CAR: 14 armed groups for one poor country

2019-02-06 13:41
Central African Republic (iStock)

Central African Republic (iStock)

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The Central African Republic's government and 14 militias that hold sway over most of the country inked a peace agreement in Khartoum on Tuesday - the eighth since violence broke out in 2012.

Armed groups hold territory of varying sizes, seized since a 2013 coup that ousted president Francois Bozize and plunged the country in a deep and prolonged crisis.

In all, the armed groups control about 80% of the CAR.

The armed forces and a UN peacekeeping mission, MINUSCA, work to prevent daily violence. With some 11 650 troops and 2 080 police deployed, according to the United Nations, MINUSCA's top priority is to protect civilians.

The largely Muslim Seleka ("alliance") coalition that toppled General Bozize was officially dissolved in 2013.

Two former Seleka self-proclaimed generals have since formed influential movements: the Popular Front for the Renaissance of the Central African Republic (FPRC) and the Unity for Peace in Central African Republic (UPC).

 Powerful groups from Seleka 

The FPRC is led politically by Noureddine Adam, while Abdoulaye Hissene is the military chief. Both men are under UN sanctions. The force is based in the far north of the CAR, including the towns of Birao and Ndele, but its influence extends southwards via Kaga Bandoro to Bria, a central region rich in mineral resources.

Commanded by Ali Darassa, the UPC is based in the heart of the country, at Alindao and Bambari. The group battled the FPRC for control of central CAR until October 2017, when they signed a pact to cease hostilities and became allies.

A third former Seleka general retains considerable influence: Mahamat Al-Khatim, a native of neighbouring Chad who in 2015 founded the Central African Patriotic Movement (MPC).

Allied with both the FPRC and the UPC, the MPC is based at Kabo and along the Chadian border in the north.

 Scattered anti-Balaka forces 

The "anti-Balaka" militia groups that emerged in largely Christian communities as a response to the capture of Bangui by Seleka forces declared that their main role was "self-defence".

Today, these militias are divided into two branches.

One is led by Patrice-Edouard Ngaissona, a former "coordinator" of armed groups, who retains influence though he was transferred early in January to the International Criminal Court in The Hague on suspicion of war crimes and crimes against humanity.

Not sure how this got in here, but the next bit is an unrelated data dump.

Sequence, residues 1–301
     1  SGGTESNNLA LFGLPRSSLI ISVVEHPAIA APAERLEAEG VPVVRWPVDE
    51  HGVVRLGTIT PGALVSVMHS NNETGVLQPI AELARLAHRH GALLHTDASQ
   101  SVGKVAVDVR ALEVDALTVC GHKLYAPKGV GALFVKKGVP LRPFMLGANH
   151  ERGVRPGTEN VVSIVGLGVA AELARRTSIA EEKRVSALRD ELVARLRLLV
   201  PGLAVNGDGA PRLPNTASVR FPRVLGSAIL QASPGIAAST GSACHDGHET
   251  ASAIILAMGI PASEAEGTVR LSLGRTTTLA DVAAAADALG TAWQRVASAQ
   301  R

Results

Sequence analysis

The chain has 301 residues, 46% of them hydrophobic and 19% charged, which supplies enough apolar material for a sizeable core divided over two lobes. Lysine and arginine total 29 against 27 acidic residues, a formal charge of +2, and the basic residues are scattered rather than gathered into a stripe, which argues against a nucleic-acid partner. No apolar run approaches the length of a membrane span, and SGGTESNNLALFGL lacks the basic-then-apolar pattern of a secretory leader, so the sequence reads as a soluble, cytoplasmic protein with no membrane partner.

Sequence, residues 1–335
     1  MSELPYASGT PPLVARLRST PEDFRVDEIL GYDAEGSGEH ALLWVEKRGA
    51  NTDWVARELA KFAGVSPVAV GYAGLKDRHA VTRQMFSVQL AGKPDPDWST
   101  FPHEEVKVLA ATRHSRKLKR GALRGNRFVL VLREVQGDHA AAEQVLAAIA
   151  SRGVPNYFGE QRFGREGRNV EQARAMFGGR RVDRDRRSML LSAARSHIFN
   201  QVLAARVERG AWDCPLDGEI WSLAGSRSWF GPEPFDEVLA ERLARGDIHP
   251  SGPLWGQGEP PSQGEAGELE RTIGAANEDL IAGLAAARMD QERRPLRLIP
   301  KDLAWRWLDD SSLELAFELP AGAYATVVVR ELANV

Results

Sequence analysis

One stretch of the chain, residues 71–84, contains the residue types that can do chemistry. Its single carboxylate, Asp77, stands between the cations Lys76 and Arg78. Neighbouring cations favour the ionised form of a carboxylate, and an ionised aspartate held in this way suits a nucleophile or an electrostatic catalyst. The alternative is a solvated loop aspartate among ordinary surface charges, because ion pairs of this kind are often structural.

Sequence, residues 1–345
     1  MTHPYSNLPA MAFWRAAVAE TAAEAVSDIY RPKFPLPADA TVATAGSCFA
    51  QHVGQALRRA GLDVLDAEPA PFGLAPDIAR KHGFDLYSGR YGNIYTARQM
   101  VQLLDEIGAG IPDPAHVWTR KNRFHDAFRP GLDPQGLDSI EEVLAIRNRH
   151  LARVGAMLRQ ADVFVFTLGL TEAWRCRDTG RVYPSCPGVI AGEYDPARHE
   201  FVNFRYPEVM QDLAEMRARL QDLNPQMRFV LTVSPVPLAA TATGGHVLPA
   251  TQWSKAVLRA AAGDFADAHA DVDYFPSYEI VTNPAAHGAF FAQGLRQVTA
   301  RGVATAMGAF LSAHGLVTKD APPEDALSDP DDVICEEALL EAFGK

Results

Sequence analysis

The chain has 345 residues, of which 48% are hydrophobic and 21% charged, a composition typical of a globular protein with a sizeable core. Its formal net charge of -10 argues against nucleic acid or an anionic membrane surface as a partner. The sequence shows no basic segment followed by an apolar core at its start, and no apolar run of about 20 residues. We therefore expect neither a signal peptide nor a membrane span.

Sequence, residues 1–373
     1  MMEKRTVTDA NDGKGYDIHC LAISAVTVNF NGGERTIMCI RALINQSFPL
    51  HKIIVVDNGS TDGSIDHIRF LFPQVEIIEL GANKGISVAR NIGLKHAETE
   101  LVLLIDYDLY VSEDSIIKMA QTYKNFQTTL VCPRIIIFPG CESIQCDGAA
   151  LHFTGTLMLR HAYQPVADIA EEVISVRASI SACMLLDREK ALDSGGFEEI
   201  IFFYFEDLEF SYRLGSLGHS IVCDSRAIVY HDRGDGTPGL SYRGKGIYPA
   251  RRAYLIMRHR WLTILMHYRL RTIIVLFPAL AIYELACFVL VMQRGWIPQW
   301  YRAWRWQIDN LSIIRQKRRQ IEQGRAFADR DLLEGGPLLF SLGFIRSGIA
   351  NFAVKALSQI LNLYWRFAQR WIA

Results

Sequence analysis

Ngaissona is considered close to Bozize, who is living in exile.

The other branch of anti-Balaka forces is led by Maxime Mokom, who is under US sanctions and formed an alliance with former Seleka groups in 2015, signing an alliance in Nairobi.

This opportunistic pact gave the two parties control over a large swathe of territory and also included the armed Patriotic Rally for the Renewal of the Central African Republic (RPRC), a small group based at Bria in diamond country.

On the cattle trails 

In the west and northwest, armed groups with a few hundred fighters at most are installed along the routes taken by cattle herders on seasonal migrations across the borders of Chad and Cameroon.

They include the Return, Reclamation, Rehabilitation (3R) movement created in 2016 by Abass Sidiki in the Nana-Mambete district.

The groups Revolution justice (RJ) and the National Movement for the Liberation of the Central African Republic (MNLC) led by ex-Seleka officer Ahmat Bahar, are also active in the zone, rich in gold and diamonds, together with the Democratic Front of the Central African People (FPDC).

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Read more on:    central african republic  |  central africa
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